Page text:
In a nutshell
Before they brought The Matrix to the masses (and then undid their good work with ‘those’ sequels), the Wachowski’s produced this slick neo-noir crime caper. Corky and Violet show Thelma and Louise how rebelling against the constraints of an oppressive patriarchal rule really works. Knowingly vampy Tilly and charismatic Gershon  also have twice as much fun and provide twice as much entertainment while they do it.


Sick of being trapped in an oppressive relationship with made man Ceaser (Joe Pantaliano), deceptively plucky mob moll Violet (Jennifer Tilly) hatches an escape plan with ex-con Corky (Gina Gershon). A daring scheme, involving the theft of 2 million dollars of mob money, inevitably things don’t quite go to plan.

Why should I watch?

Although much is made of the lesbian relationship between Corky and Violet, there is far more to Bound than two pretty neo-fatales kissing. While Bound achieves a genuine eroticism (no doubt aided by the enlisting of a ‘sex therapist’ to choreograph sex scenes between the leading ladies, and the sexually-charged chemistry between Gershon and Tilly), it is also a visually enticing and well crafted entry into the world of neo-noir.

While the male supports deliver capable caricatures of mob masculinity, it is Gershon and Tilly who shine here, both existing in the kind of grey space that makes characters worth watching. Both are somehow resourceful and resilient, yet fractured and vulnerable. The journey each characters undertakes throughout Bound serves to make the film’s conclusion both satisfying and believable.

Consider/Further study etc

  • Within film noir, the femme fatale is often shown to rely on her sexual prowess and manipulation of the men around her to achieve her goals. Do Corky and Violet reinforce or challenge this claim?
  • Do Corky and Violet reinforce or challenge the classical femme fatale archetype? Do they reinforce or challenge traditional understanding’s of femininity?
  • Considering the patriarchal structure of the Mafia, Corky and Violet’s transgression against Ceaser and his associates could be seen as a challenge to an oppressive patriarchal social order. In what other ways do Corky and Violet challenge traditional patriarchal expectations?
  • Does Bound reflect a continuation of or break from traditional film noir?
  • How does Ceaser (and the other Mafia men) initially view Violet? How does this differ to the way Corky sees Violet, or the way that Violet sees herself? Consider in particular the difference between Violet at the beginning of the film, to the way she appears at end.
  • Within Bound the hand is eroticised as a sexual organ. In a sense, sexual potency is reassigned from (implicitly masculine) phallic symbols to the hand. How does this affect the representation of both feminine and masculine sexuality within Bound?

Further Reading

  • Oliver, Kelly and Trigo, Benigo, 2003, Noir Anxiety, Minneapolis, University of Minnesota Press
  • Place, Janey, 1998, Women in Film Noir, ed E Ann Kaplan, London, BFI Publishing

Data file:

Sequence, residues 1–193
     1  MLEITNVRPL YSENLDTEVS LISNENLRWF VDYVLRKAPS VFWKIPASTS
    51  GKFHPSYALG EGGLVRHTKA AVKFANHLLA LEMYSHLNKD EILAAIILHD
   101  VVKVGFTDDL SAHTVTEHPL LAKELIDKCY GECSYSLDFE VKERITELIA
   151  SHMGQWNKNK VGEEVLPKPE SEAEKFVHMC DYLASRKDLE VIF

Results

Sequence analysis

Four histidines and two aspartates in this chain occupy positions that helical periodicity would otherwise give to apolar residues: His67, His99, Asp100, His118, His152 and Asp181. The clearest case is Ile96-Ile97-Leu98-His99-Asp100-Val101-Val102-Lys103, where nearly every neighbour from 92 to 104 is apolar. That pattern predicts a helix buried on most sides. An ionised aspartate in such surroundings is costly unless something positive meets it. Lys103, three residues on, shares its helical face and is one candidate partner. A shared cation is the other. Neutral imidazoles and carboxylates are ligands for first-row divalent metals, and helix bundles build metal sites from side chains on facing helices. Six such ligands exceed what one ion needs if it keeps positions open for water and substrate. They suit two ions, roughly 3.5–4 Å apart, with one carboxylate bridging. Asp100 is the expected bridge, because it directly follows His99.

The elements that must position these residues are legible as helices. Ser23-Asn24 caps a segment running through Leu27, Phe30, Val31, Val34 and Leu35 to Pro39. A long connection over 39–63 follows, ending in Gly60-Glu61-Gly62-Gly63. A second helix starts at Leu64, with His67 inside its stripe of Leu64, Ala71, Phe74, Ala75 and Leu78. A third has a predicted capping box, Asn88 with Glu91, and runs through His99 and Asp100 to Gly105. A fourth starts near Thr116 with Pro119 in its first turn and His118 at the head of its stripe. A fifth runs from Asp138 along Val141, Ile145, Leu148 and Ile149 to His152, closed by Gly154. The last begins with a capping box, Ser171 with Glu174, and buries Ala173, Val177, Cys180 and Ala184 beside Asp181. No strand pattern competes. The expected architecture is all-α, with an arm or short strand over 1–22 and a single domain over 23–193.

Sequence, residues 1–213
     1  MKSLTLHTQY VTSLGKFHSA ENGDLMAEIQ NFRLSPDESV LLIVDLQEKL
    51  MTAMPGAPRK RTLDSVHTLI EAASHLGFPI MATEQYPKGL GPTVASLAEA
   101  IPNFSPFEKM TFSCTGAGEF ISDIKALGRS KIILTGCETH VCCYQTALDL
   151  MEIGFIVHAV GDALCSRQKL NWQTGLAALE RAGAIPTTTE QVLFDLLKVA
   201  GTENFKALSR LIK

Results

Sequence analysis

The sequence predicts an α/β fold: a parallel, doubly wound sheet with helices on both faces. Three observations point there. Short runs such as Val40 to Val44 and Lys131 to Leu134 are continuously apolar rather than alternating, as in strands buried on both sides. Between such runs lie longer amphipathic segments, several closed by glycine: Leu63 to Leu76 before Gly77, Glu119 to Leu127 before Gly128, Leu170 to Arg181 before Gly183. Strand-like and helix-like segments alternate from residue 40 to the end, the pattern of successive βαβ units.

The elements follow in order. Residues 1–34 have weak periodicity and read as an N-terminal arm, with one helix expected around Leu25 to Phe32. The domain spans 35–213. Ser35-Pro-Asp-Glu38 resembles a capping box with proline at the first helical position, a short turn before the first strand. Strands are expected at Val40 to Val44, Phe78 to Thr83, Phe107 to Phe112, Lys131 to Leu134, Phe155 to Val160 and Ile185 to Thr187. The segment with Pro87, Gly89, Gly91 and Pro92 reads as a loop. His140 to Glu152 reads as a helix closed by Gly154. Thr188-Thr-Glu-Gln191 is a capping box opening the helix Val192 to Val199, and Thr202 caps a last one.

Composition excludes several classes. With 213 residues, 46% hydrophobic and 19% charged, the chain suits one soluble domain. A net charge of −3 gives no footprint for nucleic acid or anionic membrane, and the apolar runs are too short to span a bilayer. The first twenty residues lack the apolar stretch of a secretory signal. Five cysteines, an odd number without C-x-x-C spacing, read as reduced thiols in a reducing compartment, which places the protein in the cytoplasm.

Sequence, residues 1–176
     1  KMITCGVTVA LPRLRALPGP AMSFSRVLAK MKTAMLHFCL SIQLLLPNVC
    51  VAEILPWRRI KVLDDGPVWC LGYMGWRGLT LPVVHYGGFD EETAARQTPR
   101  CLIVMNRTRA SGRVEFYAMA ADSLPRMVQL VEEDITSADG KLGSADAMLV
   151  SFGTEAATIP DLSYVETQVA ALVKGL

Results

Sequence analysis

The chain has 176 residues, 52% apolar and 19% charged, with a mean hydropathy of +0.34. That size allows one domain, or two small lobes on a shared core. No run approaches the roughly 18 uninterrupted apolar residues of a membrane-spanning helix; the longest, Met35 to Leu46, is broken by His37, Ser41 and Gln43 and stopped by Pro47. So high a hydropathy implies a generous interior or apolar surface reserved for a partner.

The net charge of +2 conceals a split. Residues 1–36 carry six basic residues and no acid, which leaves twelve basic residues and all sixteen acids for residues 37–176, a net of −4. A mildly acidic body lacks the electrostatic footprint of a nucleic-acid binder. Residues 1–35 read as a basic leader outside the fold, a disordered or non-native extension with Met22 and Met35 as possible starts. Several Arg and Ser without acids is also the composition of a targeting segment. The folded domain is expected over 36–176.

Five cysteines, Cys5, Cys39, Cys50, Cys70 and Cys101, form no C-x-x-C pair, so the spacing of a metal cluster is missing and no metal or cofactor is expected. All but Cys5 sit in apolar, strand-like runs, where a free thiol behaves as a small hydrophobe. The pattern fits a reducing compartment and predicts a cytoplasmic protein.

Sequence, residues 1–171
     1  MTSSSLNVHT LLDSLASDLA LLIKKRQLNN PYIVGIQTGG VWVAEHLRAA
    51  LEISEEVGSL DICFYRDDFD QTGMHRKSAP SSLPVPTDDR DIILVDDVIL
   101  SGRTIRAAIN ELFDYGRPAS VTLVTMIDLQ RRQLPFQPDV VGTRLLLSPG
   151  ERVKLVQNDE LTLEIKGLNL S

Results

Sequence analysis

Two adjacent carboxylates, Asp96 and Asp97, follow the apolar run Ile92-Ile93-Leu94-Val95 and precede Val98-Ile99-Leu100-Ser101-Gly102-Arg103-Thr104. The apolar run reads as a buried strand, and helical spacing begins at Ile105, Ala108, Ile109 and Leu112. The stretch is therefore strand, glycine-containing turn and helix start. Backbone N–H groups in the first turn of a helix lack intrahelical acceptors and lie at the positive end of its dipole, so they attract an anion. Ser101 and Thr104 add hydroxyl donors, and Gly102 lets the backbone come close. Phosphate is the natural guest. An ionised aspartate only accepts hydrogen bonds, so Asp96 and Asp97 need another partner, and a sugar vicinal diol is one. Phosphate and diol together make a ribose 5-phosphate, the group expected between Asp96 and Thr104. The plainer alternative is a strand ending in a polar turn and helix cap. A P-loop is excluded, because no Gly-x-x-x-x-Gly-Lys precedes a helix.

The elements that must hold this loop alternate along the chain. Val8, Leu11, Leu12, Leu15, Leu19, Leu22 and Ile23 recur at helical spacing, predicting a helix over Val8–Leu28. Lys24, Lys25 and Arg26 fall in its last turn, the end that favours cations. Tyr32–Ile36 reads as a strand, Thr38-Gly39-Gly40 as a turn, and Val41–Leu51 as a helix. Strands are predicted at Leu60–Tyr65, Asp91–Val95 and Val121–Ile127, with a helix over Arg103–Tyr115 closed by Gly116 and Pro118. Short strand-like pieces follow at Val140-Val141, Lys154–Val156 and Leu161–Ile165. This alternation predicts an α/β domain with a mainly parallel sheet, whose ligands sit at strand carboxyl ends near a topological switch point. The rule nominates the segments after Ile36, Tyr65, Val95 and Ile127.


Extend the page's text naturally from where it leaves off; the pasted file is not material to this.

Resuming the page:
JUST FOR FUN: “George Lucas in Love”

7 Sep


Star Wars via Shakespeare In Love. Not the most likely of pairings, however, the end result, ‘George Lucas in Love’, acts as both a loving homage and a knowing parody of the Star Wars universe.

Although GLIL is often mistakenly identified as a student film, director Joe Nussbaum and those associated with the 8 minute production were a few years out of The University of Southern California when they produced the impressive short. Released via the internet in October 1999, GLIL sketches over a young George Lucas’ days at USC in 1967, as he struggles to find inspiration for the script he is writing. Young Lucas encounters many characters that will be instantly recogniseable to anyone even vaguely familiar with Star Wars, as he tries to move beyond his initial premise, of a space farmer stuck with a bad crop of ‘space wheat’.

Beautifully shot and considerably well acted, GLIL is both genuinely humours and expertly crafted. Received well by critics, fans and Lucas himself (who responded personally and positively to the filmmakers after he was sent a copy), this short is an excellent and entertaining watch for even those uninterested in Lucas and Star Wars.

View George Lucas In Love

Related Links:

An interview with the creators

EVENTS AND PLACES: Melbourne’s best rental stores

1 Sep

As any film student that’s ‘accidentally missed’ a cinema screening or finds themselves inadvertently time-poor when penning a film assignment knows, for many art house and cinema studies films, the local Blockbuster simply won’t cut it. Or, alternatively, for those that are sick of being forced to choose between the latest blow-things-up epic, opposites-attract romcom or yet another Ron Howard-directed paint-by-numbers pap piece, here is a guide to the some of the best art house and alternative cinema rental stores in Melbourne.

If anybody has any other submissions please let me know!

The Movie Reel

Address: 69 – 71 High St, Northcote

Website: The Movie Reel

Containing a wide variety of art house, foreign, cult and other hard to find films, the Movie Reel also offers an impressive range of TV series. The sprawl of film paraphernalia that decorates the walls and benches confirms that this is a store for films lovers, and the use of directors to divide the films on offer into sections is a novel (and helpful) touch.

Small Screen

Address: 420 Rathdowne St, Carlton

Website: Official Small Screen Facebook Page

Don’t be deceived by Small Screen’s small size; a ’boutique’ collection of over 3000 DVDs can be found inside this Carlton store. Specialising in foreign cinema and TV series, Small Screen offers DVDs (and more recently Blu-Ray discs) for both rent and sale.

Video Dogs

Address: 178 Farraday St, Carlton

Website: Video Dogs

Video Dogs promises customers 365-days-a-year access to not only the newest releases (which are somewhat snobbishly dubbed as generally mediocre) but a large collection of the greatest films ever made. The most impressive feature of Video Dogs is their comprehensive website, which offers both a full list of all films (and TV series) available instore, and an option to rent via a post-out service.

Picture Search Video

Address: 139 Swan St, Richmond

Phone: 03 94295639

Although Picture Search Video’s initial join up fee seems somewhat pricey in comparison to many other rental stores, this Richmond store offer thousands of hard-to-find films. If you can’t find it on DVD, chances are that there will be a VHS (remember those) copy ready for rental.